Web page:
- Author: Alison Collin
Recently gardeners have become more aware of the importance of gardening sustainably, but while they might enthusiastically nurture worm bins under the kitchen sink, learn about the benefits of mulching, measure their greens and browns carefully when creating their compost piles and shy away from using peat moss, often scant attention is paid to other aspects of caring for our soils and the planet.
About to plant some seeds indoors I went to my stash of cell packs, carefully saved from previous plant purchases, only to find that they had been subjected to a blast of desert sun and had all partially melted. They were so distorted that I could not re-use them, and since that particular plastic is not recyclable in our area they ended up in the landfill. When I finally got my seeds planted and watered, I then discovered that the plastic seed tray leaked from a split in one corner.
Large sheets of plastic that I had used to solarize some newly landscaped plots were completely rotted by the ultra violet light disintegrating into messy shreds, and what does one do with drip irrigation tubing with clogged emitters? Although I can perhaps find a use for a few feet of it, the rest has to go to the dump. And then of course I will have to buy more in order to grow my vegetables.
As I tidy my garden ready for spring I find pieces of old green plastic ties (they always seem so much kinder to soft stemmed tomatoes than string), a plastic watering can displaying torn holes in the top, an empty plastic sack that held commercial compost, and an old plastic tarp that had at one time covered my compost heap but which now has more holes than threads per square inch. There is insect netting that had disintegrated in the sun after just two years use, some white plastic storage buckets that likewise fell apart and numerous plant labels, their alluring colored pictures still visible – epitaphs for treasures now in plant heaven. And so it goes on.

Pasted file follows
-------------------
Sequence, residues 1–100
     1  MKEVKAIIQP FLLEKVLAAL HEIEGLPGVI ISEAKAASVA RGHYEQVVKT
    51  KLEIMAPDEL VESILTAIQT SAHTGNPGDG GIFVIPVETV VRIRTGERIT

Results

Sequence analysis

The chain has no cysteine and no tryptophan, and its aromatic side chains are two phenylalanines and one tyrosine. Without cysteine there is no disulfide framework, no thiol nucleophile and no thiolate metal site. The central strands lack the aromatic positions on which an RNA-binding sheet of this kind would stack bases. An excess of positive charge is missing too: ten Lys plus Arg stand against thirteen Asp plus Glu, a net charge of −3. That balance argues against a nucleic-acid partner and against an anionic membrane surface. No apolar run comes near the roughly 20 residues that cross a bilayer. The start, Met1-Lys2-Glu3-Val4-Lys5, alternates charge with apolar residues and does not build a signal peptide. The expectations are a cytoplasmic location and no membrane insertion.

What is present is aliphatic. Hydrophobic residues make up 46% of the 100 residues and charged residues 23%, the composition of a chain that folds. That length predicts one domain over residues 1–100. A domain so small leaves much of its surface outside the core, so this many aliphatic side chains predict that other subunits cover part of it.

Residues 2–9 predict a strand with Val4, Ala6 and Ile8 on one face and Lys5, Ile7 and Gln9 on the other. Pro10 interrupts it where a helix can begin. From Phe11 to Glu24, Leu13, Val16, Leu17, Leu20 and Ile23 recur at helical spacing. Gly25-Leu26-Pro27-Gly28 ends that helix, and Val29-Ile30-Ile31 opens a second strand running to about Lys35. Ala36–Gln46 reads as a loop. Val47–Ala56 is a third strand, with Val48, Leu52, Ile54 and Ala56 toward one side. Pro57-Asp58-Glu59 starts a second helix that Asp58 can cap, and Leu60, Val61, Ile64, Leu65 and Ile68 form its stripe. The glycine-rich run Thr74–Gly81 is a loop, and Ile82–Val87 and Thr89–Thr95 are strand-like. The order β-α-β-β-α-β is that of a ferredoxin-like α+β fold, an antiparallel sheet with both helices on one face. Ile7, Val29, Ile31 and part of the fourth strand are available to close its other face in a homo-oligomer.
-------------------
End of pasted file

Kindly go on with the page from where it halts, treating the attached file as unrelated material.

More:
We are constantly being exhorted that as modern scientific gardeners we should get away from the temptation of gardening like our grandparents. However, my grandfather had no plastic products that I can remember and yet had a model market garden with prodigious amounts of beautiful quality fruits and vegetables of all sorts.
My grandfather's seed trays were made from thin wood, and instead of plastic shade cloth he used wooden lathe, his raised beds were built of concrete blocks and were covered with large, glass Dutch lights in a wooden frame. Hoses were made of rubber, watering cans, pails and spraying devices were galvanized metal, and plant pots including enormous rhubarb forcing pots were terracotta. He had only one arm so his main method of transport was a pony and cart. The rotted stable manure mulched and fed anything that grew. The garden was bordered by a thick hawthorn and blackthorn hedge which provided numerous nesting sites for insect eating birds which acted as the main form of pest control. I think that he could have taught modern horticulturists a thing or two about sustainability.
I do appreciate the lightness of plastic as opposed to metal, but I think that with some thought and planning I should be able to reduce my use of plastic in the garden quite significantly.
Are you ready to join me?